A new survey revealed that a large number of drivers in New Jersey talk on their cellphone or text while operating a vehicle.
Recently, Plymouth Rock Assurance surveyed 1,000 people in New Jersey who held a valid driver’s license in the state and who also drove a vehicle at least once every week about certain dangerous driving behaviors. The results of this survey revealed that approximately 33 percent of drivers in the state have texted while operating a vehicle. Additionally, 38 percent of those surveyed admitted that they had talked to another person on a cellphone while driving without using hands-free technology.
Cellphone laws in New Jersey
Both talking on a cellphone without using hands-free technology and texting while driving are both illegal activities in New Jersey. According to Distraction.gov, the state has enacted a handheld ban as well as a texting ban that applies to drivers of all ages. Novice drivers are also not allowed to use hands-free technology when they operate a vehicle.
Many other forms of distraction exist
Although these laws are designed to prevent drivers from using their cellphone behind the wheel and causing fatal and injurious car accidents, many people in New Jersey and throughout the rest of the country become injured or die in a distracted driving accident every day. According to the Centers for Disease Control and Prevention, more than nine people die and over 1,153 people are injured in accidents involving driver distraction on a daily basis in the U.S.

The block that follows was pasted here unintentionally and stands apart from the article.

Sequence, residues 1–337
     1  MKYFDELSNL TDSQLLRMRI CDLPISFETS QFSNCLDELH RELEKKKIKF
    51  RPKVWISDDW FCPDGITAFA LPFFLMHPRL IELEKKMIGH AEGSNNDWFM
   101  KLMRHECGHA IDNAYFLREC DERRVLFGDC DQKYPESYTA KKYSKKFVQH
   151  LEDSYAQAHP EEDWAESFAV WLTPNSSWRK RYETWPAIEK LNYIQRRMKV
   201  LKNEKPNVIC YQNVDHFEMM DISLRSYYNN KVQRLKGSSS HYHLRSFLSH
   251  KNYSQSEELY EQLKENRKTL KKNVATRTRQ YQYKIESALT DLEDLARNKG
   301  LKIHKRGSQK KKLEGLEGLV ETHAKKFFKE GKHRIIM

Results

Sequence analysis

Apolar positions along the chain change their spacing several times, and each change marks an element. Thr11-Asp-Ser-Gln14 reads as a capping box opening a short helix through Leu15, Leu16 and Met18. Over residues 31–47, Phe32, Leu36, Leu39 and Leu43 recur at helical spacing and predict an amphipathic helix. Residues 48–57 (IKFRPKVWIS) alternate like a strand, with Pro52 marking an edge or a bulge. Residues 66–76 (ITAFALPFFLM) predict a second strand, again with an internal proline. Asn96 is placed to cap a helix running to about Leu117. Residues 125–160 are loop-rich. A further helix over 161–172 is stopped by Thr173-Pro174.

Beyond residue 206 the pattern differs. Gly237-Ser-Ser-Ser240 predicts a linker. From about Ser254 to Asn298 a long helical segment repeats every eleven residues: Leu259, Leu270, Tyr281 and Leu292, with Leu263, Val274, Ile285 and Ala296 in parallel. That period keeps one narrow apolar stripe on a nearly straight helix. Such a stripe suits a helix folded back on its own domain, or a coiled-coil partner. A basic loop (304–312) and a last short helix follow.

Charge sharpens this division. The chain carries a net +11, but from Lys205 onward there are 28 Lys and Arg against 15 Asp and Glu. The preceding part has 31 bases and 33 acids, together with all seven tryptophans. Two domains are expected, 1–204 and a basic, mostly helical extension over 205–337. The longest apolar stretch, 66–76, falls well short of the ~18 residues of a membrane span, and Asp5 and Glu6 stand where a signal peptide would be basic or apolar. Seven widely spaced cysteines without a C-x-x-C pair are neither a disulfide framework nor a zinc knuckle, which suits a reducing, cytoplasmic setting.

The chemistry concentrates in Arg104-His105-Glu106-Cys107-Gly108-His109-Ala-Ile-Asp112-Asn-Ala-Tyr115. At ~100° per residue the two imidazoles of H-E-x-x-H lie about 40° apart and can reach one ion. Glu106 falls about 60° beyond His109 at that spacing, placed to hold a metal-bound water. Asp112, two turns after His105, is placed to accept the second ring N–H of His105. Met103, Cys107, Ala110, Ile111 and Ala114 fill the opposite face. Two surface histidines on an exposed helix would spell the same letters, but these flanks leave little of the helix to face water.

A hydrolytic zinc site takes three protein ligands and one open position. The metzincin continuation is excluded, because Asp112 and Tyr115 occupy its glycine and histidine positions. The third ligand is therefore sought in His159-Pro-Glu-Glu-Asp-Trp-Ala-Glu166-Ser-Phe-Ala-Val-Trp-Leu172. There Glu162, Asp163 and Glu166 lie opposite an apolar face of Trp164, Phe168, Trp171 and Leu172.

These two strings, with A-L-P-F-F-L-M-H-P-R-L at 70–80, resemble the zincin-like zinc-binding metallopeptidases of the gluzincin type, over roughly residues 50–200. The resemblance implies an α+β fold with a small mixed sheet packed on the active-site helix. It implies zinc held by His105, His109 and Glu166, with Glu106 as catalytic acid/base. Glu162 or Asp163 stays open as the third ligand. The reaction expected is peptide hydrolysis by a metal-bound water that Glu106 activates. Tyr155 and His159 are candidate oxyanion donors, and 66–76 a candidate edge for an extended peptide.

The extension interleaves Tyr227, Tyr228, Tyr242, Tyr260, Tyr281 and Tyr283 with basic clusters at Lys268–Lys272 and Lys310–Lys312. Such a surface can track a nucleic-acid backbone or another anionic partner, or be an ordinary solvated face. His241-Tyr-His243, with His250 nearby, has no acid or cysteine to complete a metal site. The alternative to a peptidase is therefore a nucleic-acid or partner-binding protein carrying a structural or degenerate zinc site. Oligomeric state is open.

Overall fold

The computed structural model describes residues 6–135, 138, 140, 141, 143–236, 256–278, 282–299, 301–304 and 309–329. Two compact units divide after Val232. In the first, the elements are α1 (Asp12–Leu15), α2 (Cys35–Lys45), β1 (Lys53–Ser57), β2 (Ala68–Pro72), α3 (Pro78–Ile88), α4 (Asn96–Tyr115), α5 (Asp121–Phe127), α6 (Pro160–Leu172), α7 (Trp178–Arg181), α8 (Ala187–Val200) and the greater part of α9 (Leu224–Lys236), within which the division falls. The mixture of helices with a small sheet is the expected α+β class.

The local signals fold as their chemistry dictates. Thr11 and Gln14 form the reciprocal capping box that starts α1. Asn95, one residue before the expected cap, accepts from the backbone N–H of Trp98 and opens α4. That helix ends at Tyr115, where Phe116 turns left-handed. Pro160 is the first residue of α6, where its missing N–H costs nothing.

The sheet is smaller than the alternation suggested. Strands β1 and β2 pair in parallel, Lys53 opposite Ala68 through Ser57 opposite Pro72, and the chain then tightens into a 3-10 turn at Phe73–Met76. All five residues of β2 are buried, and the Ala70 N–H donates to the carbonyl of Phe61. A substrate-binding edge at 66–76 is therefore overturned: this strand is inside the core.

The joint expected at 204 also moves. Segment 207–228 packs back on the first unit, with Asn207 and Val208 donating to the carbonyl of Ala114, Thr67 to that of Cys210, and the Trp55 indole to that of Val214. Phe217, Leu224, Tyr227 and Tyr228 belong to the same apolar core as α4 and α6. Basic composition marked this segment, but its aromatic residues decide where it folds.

Even though cellphone use is a hazardous form of distracted driving, many other distracting activities endanger the lives of drivers, passengers and pedestrians. The CDC states that distracted driving includes any activity that takes a driver’s full attention away from driving. This means that a driver can become distracted when he or she:
- Attempts to eat breakfast while travelling to work
- Finishes his or her grooming routine by shaving or putting on makeup behind the wheel
- Interacts with other passengers while his or her vehicle is in motion
- Looks at a GPS device to get directions to his or her destination
- Switches the station on the radio
- Tries to read a book or a map
However, texting and driving is one of the most dangerous distracted driving activities that exists. This is because this activity is manually, visually and cognitively distracting.
Car accident injuries can be severe
Those who are injured in a car accident in New Jersey caused by a distracted driver may suffer from emotional, physical and financial harm. Furthermore, in order to recover, accident victims may require extensive rehabilitative and medical care. If you were involved in a distracted driving collision, reach out to an attorney in your area to find out what compensation may be available to you.